Sunday, July 25, 2021

How India is Countering China with Global Defence Treaties and Naval Bases

India and China are aggressively engaged in building their economic and military presence across the globe. While defence experts in India have accused China of creating “string of pearls” around India, China, on the contrary, has been preparing to counter reverse Indian “string of pearls”, which aims to surround China on all the sides. EurAsian Times analyses Indian strategy to counter that of China.

India has been actively working to counter China’s String of Pearls by making their own String of Pearls around China. Indian PM Narendra Modi clinched an agreement to create a new base in Seychelles, negotiated military facility at Oman’s Duqm Port, developed expansive bases on the Andaman & Nicobar Islands, signed a deal with Iran on Chabahar Port, inked India-France pact on Djibouti, gained access to Madagascar, besides having pacts with Japan, Vietnam and Singapore to counter China’s String of Pearls.

With ‘bromance’ between Indian PM Modi and Japanese counterpart Abe, India and Japan commenced their first joint military exercise – Dharma Guardian in Mizoram– in the northeast of India. Both nations are extremely keen to collaborate with each other in economic and defence areas and Japan has already emerged as one of India’s most trusted allies.

The Indian armed forces have got access to three new strategic bases at Changi in Singapore, Duqm in Oman and Sabang in Indonesia. The most threatening of all the three ports is the Sabang port near the Malacca Strait. China’s extensive use of the Malacca Strait means its economic and energy security gets threatened with Indian military base at Sabang port in Indonesia.

As EurAsian Times reported earlier, the Strait of Malacca is considered as one of the most important shipping lanes in the world. The Strait of Malacca is the primary shipping lane between the Indian and the Pacific Ocean which links major powers like China, Japan, India, South Korea, Malaysia etc. Close to 100,00 vessels pass through it every year making it the busiest strait in the world.

China is working on alternative routes to transfer energy to solve this dilemma—through Myanmar, Pakistan, and the Isthmus of Kra in Thailand, but the route remains significant enough for Indian presence there to matter.

Access to Singapore Changi Naval Base near the South China Sea for refuelling of ships of the India navy and other logistical support is another significant pivot for New Delhi in the Southeast Asian.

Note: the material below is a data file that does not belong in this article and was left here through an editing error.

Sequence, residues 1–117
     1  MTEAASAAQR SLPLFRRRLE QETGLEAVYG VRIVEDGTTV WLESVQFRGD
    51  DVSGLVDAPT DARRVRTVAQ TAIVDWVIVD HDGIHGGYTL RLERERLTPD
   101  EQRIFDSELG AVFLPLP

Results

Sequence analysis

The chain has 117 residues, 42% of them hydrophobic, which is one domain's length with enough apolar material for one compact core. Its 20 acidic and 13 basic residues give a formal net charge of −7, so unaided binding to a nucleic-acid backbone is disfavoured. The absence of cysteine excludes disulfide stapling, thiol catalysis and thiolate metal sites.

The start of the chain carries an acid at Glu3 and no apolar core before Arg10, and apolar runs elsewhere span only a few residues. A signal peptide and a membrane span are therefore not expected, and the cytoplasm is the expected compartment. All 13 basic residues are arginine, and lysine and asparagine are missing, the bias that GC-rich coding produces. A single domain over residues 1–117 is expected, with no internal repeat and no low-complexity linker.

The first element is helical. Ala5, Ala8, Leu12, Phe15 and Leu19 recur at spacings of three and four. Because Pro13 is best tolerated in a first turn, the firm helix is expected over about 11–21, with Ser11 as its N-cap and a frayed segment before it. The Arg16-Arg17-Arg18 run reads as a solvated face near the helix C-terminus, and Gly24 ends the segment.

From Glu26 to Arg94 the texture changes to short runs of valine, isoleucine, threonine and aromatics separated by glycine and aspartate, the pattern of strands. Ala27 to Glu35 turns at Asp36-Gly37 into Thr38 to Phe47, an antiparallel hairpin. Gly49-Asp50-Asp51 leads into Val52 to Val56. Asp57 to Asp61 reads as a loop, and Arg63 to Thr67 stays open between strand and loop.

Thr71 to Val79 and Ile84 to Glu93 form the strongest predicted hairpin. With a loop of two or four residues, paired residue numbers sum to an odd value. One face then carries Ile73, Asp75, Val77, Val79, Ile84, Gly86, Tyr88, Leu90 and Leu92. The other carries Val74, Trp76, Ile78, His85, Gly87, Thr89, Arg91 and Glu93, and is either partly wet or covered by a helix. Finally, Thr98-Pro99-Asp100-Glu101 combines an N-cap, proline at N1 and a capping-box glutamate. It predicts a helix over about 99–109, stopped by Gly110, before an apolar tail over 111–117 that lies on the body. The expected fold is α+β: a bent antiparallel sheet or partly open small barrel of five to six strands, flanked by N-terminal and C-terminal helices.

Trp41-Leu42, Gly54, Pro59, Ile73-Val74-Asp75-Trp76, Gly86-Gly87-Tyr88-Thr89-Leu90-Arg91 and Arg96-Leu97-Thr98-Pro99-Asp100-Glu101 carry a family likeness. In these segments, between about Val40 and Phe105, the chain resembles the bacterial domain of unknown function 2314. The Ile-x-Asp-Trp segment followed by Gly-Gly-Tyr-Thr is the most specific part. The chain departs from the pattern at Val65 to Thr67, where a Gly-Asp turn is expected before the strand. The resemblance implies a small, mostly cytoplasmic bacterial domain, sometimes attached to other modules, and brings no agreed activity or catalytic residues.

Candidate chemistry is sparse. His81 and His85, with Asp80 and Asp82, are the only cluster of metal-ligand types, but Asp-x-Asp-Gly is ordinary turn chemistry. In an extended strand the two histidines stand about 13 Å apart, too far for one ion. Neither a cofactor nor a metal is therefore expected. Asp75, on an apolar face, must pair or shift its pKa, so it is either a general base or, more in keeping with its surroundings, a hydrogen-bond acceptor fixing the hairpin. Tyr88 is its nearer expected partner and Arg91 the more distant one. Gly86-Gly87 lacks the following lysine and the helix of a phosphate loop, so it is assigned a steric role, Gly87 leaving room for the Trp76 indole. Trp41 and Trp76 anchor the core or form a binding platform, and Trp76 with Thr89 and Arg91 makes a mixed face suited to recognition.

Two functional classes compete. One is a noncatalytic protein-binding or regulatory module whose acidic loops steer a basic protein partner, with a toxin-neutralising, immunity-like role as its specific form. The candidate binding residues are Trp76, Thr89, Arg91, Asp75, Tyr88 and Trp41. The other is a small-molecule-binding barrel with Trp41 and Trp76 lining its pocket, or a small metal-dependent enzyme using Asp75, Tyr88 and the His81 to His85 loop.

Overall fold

India has also significantly enhanced defence ties with Vietnam and has recently held a five-day naval exercise in May. Reports suggest that India might sell surface-to-air missiles – Brahmos to Vietnam which even drew a response from the Chinese side – that Beijing will not sit idle to such developments in the South China Sea.

The Duqm port in Oman has vital strategic location as it is close to two Chinese hubs, Djibouti and Gwadar (Pakistan). With Indian presence in Oman and access to Djibouti, India is slowly and steadily countering China’s belligerence and global presence.

The deal with Seychelles on Assumption Islands where India is building a naval base nearly failed with Chinese interference, but it came through after Seychelles was offered a $100 million credit line and the first state visit for President Danny Faure to India. India is estimated to be investing $550 million into developing this base.

Iran’s Chabahar Port which India is developing is also significant not only because it bypasses Pakistan to trade with Afghanistan and checks China at Gwadar, but also because India has managed to get US waiver of sanctions on the Chabahar port.

India is also augmenting its relations with Mongolia which is nestled between two enormous neighbours, China and Russia. With a $1 billion loan, India is helping Mongolia build its first oil refinery which, when complete in 2022, will meet the nation’s fuel needs, end Mongolia’s dependence on Russian fuel, and boost the GDP. Obviously, India has her own interests in mind, when investing and developing ties with a landlocked Mongolia.

More News at EurAsian Times

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